Never underestimate the lengths that those in power and control will go to in order to keep that power and control. If the GFC didn’t teach us that lesson, nothing will.

  7. Synoia

    What happens when the bonds are not repaid? Rolled over to new bonds ad perpetuam, or the shareholders take the hit?

  8. PlutoniumKun

    Apart from anything else, this sounds like a perfect recipe for future economic blackmail – ‘we can’t pay back on those bonds unless you buy more at a particularly favourable rate to us’. The companies have just been given a permanent exemption from ever going bust, no matter what they do.

  9. Steve

    So the EU has finally learned how to step up its stealth industrial policy game (the US is the master at this) for the banks and selected corporates.

  10. I.D.G.

    So this is what you need an “””independent””” CB for, so it can independently provide corporate and elite welfare and citizens not being able to do shit about it.

  11. Sound of the Suburbs

    The EU is ground zero for a failing ideology where the problems of Neo-Liberalism are most acute because the EU was designed to its ideology.

    It’s fairly obvious that the system broke in 2008 and no one seems to know how to fix it.

    Quietly, and in the background, global elites have been putting in place a Pol Pot year zero type scheme wiping away all other ways of thinking apart from Neo-Liberalism and its underlying neoclassical economics.

    Pol Pot wiped out the Bourgeoisie and the globalization project aims to wipe out trade unions and any collective worker organizations.

    Neoclassical economics is the only economics now taught in Universities around the world. All mainstream economists and everyone in positions of influence around the world believes in Neo-Liberalism and neoclassical economics.

    When it stopped working there was no one at the top who could think in any other way to come up with solutions.

    Neo-Liberalism is also brutal and it was felt the only place it could be tested was in a military dictatorship where any opposition could be ruthlessly quashed. Chile was the testing ground for today’s ideas.

    Thatcher and Reagan started to roll out these ideas in the early 1980s and the fall of the Berlin Wall and collapse of the old Soviet Union seemed like the perfect time to declare year zero, Francis Fukuyama said “It was the end of history”. Liberal Democracy was the only system to stand the test of time.

    He didn’t mention a new, raw capitalism would come in that wasn’t very liberal at all and wasn’t well tested, but they all believed it would provide the best results for the majority as Pol Pot had before them.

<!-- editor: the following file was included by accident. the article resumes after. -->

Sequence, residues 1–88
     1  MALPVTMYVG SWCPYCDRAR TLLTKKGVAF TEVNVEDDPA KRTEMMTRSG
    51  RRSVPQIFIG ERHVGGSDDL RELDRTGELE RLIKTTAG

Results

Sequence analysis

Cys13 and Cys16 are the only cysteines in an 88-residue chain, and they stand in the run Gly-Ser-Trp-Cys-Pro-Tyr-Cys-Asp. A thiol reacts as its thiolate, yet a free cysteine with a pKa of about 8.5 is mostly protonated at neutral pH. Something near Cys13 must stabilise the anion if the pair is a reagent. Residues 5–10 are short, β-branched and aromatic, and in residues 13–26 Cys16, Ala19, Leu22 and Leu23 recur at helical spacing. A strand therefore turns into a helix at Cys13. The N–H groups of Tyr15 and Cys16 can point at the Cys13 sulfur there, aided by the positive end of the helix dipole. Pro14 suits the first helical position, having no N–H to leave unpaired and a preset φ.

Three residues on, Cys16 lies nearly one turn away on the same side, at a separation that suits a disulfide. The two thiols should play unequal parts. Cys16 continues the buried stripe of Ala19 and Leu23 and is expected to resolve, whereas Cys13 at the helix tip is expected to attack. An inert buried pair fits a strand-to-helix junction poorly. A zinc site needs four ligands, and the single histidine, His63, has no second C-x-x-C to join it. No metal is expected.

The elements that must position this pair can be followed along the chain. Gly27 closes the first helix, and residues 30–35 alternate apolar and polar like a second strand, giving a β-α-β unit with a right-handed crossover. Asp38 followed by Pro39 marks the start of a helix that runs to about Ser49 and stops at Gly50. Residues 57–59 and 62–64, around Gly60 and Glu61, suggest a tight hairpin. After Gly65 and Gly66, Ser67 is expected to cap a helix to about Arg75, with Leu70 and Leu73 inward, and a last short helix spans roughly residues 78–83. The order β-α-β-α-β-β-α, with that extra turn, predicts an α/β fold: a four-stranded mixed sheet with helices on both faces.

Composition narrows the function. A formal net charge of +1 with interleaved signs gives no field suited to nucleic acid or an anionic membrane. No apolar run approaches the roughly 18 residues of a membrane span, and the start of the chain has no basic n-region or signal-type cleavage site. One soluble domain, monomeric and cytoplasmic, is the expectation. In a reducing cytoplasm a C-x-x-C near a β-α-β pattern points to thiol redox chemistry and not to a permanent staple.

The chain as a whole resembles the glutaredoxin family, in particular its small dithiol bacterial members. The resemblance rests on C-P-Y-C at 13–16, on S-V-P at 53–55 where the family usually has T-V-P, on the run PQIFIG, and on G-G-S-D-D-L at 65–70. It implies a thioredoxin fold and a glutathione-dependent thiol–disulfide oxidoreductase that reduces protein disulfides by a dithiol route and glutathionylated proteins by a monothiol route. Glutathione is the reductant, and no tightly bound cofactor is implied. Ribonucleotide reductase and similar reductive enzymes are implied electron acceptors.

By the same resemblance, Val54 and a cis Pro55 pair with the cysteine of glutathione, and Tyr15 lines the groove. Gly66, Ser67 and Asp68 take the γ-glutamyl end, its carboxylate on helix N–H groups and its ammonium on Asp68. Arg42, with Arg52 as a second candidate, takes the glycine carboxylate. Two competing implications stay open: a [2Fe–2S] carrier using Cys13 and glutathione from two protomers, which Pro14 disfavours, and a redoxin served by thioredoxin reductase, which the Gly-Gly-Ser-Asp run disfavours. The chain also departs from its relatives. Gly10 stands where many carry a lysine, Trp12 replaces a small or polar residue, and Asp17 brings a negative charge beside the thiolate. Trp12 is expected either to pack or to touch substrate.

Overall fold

In Russia and Iraq they believed if they dismantled the old system, a new market democracy would spontaneously rise up from the ashes. Both countries just plunged into chaos and a new market democracy didn’t spontaneously come into being.

    In Iraq a bloody civil war still rages today. In Russia, the “freedom to spend your money as you choose” was soon found to mean “no money, no freedom” as the majority who had nothing often couldn’t even afford to eat. The oligarchs strode the land and chaos reigned, eventually Putin bought order to the chaos.

    Like Pol Pot’s ideologues, a few minor set backs weren’t to stand in the way of the Neo-Liberal ideologues.

    The EU was another testing ground for the Neo-Liberal dream and unelected technocrats would make all the decisions. A sham, elected parliament exists but can make no policy decisions. The illusion of democracy was to be maintained. This was to be the front runner for the next stage, global government.

    The Euro was to be the front runner for a global currency and was designed with the Neo-Liberal ideology in mind to strip Governments of economic decision making.

    The UK’s continued membership of the EU was essential and every global figurehead predicted disaster if we left. Unfortunately, greed always gets in the way, and George Soros had made it easy for the UK to leave by getting us kicked out of the ERM for personal gain. George Soros kept us out of the Euro and paved the way for Brexit.

    The ideology and economics is now failing all around us but no one at the top has anyway of thinking apart from the failed ways. The unelected technocrats of the EU just push ahead with their failed ideology unable to think in any other way. The Euro-zone has been consistently the worst performing area since 2008.

    A plan as foolish and idealistic as Pol Pot’s in Cambodia is now in its “End of Days” and it seems only to be the older generation, that have knowledge of the way things used to be and can be, that have any answers at all.

    The younger generation have been programmed with a nonsense economics that allows them to only see the world through an upside-down and back-to-front lens that ensures they have no chance of coming up with any solutions.

    Lets’ hope there is still enough of the old thinking left to get us out and, as nothing from the new thinking appears to be working, good old fiscal (Keynesian) stimulus is being put forward.

    The tried and tested “New Deal” solution for a world laid low by unfettered capitalism and a Wall Street crash.

Comments are closed.